Revival organizers see significance in choosing Strawbridge Shrine site; Ecumenical event set for Sunday in Carroll


The Rev. Arthur D. Thomas Jr. isn't sure how many chairs he'll need for an outdoor ecumenical revival Sunday at the Robert Strawbridge Shrine near New Windsor, but he hopes to see a groundswell.

The "concert of prayer for revival" will begin at 3 p.m. at the shrine at 2650 Strawbridge Lane, with the Rev. Bart Pierce, pastor of the Rock City Church of Baltimore, and other area pastors.

Pierce's visit to the birthplace of American Methodism is appropriate, said Thomas, because Strawbridge spent the last years of his life at a home near the Rock City Church. A Strawbridge descendant, who is a member of the Rock City Church, plans to attend Sunday's revival.

Thomas, pastor of Deer Park United Methodist Church of Reisterstown, directs a museum at historic Lovely Lane United Methodist Church in the 2200 block of St. Paul St. in Baltimore. He teaches courses in spirituality at St. Mary's Seminary and University in Baltimore and at Wesley Theological Seminary in Washington, and is a historian of revivals and Christian spirituality.

Robert Strawbridge, the Irish-born evangelist who brought Methodism to America, lived in New Windsor beginning in 1760. He spent the last five years of his life -- he died in 1781 -- on land that was given to him in 1776 by Rebecca Dorsey Ridgely of Hampton Mansion, a Methodist. The Strawbridge site is now the home of the Rock City Church near Towson on Cromwell Bridge Road

The revival, which will use a public address system, will include music, Thomas said. The service also is to be filmed for broadcast on local cable stations by a local producer who is doing a series of programs on religion.

Metropolitan-area pastors and church members have been invited to the revival, but Thomas said he has no idea how many people to expect. He's suggesting that people bring lawn chairs and blankets to augment those provided by the New Windsor volunteer fire company.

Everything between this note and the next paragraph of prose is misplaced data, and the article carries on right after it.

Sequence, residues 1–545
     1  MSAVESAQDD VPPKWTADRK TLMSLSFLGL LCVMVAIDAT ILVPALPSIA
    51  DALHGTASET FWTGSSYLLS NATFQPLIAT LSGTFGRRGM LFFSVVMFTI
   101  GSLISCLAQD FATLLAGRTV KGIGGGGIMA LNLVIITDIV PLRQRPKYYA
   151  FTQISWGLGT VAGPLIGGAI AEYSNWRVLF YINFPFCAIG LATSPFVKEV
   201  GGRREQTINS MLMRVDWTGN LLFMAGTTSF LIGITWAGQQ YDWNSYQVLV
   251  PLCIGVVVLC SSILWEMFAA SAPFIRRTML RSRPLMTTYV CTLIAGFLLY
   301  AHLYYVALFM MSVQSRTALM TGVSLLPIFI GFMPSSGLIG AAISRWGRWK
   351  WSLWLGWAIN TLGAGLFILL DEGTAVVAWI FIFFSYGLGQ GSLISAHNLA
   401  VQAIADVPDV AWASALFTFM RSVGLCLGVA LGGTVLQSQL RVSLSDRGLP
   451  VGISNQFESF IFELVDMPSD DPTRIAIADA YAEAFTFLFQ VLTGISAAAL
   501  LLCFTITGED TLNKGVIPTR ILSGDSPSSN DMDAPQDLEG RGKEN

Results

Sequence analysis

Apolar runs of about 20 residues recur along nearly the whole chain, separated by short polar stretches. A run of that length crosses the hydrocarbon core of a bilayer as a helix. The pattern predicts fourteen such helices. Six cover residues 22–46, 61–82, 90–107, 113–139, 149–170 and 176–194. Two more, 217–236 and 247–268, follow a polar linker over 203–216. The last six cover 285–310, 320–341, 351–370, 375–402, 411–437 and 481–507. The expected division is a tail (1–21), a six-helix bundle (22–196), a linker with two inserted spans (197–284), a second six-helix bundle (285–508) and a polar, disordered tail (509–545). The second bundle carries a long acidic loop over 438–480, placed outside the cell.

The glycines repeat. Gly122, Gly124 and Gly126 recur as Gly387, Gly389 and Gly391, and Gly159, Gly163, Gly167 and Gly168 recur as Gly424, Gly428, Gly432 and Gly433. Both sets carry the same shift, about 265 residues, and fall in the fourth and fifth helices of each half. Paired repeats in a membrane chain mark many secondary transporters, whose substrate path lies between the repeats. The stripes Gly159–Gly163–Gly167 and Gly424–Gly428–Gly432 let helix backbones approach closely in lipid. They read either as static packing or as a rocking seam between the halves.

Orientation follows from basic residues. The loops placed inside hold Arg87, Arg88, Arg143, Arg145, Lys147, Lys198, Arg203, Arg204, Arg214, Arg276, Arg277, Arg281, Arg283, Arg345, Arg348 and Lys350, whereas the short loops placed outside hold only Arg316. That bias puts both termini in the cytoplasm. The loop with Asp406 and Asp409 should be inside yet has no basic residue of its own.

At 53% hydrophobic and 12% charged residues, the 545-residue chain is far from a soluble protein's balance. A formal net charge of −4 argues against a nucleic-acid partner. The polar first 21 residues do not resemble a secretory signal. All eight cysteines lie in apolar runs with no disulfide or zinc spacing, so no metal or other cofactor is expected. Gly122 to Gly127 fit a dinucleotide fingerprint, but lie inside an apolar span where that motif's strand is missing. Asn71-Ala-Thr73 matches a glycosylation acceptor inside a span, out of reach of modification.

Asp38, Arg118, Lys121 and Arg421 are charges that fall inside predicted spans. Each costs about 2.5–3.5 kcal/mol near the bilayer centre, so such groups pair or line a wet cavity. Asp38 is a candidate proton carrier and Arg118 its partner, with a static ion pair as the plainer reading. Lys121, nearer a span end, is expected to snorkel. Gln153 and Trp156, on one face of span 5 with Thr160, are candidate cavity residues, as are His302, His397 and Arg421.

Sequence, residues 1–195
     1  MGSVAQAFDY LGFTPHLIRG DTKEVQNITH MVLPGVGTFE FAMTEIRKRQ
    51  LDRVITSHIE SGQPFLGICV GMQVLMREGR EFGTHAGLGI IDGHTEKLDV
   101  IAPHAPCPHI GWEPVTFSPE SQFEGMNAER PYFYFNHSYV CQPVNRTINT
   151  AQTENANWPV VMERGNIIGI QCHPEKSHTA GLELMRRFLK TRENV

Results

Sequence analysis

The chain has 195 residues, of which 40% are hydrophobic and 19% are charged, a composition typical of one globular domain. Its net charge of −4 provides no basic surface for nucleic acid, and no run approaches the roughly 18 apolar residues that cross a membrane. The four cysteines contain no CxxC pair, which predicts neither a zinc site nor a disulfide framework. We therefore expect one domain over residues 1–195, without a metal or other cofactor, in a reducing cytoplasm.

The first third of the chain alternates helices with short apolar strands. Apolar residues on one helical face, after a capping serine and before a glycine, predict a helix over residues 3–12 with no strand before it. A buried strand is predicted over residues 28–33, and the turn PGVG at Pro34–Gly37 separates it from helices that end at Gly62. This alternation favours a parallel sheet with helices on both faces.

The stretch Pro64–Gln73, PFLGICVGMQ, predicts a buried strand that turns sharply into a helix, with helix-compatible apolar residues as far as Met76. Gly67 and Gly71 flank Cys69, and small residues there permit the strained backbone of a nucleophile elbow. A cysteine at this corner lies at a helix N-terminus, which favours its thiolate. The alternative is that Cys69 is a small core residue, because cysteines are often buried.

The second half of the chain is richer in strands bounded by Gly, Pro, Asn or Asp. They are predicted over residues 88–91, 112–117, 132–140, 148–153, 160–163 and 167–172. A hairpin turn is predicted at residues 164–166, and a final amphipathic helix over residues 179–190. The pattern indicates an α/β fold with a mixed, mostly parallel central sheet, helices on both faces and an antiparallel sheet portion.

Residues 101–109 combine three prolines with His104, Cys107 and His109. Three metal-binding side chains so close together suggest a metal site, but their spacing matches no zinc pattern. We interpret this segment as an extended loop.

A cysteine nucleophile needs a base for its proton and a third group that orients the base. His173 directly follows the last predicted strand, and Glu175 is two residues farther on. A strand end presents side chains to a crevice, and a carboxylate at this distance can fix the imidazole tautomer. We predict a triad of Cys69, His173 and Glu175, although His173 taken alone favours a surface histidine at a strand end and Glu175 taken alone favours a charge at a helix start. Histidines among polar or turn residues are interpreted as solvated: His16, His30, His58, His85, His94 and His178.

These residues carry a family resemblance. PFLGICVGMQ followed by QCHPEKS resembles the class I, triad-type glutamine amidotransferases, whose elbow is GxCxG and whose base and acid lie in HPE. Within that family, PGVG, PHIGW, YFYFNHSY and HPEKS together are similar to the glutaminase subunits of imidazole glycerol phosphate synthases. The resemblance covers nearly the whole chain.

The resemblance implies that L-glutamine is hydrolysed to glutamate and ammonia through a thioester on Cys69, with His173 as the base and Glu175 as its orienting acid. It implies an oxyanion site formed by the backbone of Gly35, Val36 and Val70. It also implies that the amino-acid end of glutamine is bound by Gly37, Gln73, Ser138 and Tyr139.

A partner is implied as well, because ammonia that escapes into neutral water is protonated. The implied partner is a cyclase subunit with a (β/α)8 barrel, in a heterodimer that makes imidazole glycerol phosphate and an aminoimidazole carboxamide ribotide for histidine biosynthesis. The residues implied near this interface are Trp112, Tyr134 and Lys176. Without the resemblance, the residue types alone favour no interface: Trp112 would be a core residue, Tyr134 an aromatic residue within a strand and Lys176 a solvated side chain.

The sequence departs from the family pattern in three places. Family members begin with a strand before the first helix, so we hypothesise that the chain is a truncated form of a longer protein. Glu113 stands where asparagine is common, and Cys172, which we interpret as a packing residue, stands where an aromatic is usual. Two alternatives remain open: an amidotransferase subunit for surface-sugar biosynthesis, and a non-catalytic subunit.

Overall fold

If the forecast calling for pleasant weather proves inaccurate, he said, a replica of Strawbridge's log meeting house from 1764 can hold about 50.

"I just don't know for sure," he said of the attendance. "I don't want to predict. It could be 50, it could be 150, or more. I know people are coming from the Rock City Church."

Sunday's event arose from the recent series of prayer-for-renewal services at his church, Thomas said.

"People feel God is calling for people to pray for revival, renewal and reformation in the nation. What we're doing is part of a larger movement," he said.

In the wake of tragedies such as the Littleton, Colo., school shooting, he said, "there is a sense that America needs to go back to its moral roots."

Meetings in the Baltimore and Washington area led him to put together a service across denominations, he said, and the Strawbridge shrine serves that need symbolically.

When Methodism began here -- "the First Great Awakening -- it was a major movement throughout the American colonies that gave them a sense of unity and identity as Americans [and] helped to lead to the American Revolution," he said.

"It's holy ground," he added. "People come from all over the country to see it."

Tours will be offered.

To reach the shrine from Westminster, travel west on Route 31, turn left on Wakefield Valley Road, take Wilt Road and turn right on Strawbridge Lane. The route to the shrine is marked. A parking area, the log meeting house and the John Evans House are visible, while the Strawbridge farmhouse is farther back on the site.

The founder's house has been closed because of deterioration, Thomas said, but the Strawbridge Shrine Association Inc. of Baltimore, which purchased the site in 1973, has hired an architect to try to find the original log structure within the farmhouse, which was covered by white siding in the 19th century.

If the original is found, he said, "we have to decide whether to bring it back to the way it was or leave it as is."

Pub Date: 9/24/99

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